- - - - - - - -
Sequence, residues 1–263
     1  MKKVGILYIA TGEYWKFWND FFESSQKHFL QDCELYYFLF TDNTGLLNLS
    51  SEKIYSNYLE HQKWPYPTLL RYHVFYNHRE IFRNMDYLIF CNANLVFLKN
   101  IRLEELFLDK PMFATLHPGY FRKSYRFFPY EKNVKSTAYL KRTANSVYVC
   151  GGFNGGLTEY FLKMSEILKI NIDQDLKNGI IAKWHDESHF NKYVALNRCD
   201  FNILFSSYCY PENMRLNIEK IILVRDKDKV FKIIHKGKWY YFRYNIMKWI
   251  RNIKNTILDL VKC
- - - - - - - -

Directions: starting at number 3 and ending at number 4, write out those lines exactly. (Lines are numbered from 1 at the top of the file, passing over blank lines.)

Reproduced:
    51  SEKIYSNYLE HQKWPYPTLL RYHVFYNHRE IFRNMDYLIF CNANLVFLKN
   101  IRLEELFLDK PMFATLHPGY FRKSYRFFPY EKNVKSTAYL KRTANSVYVC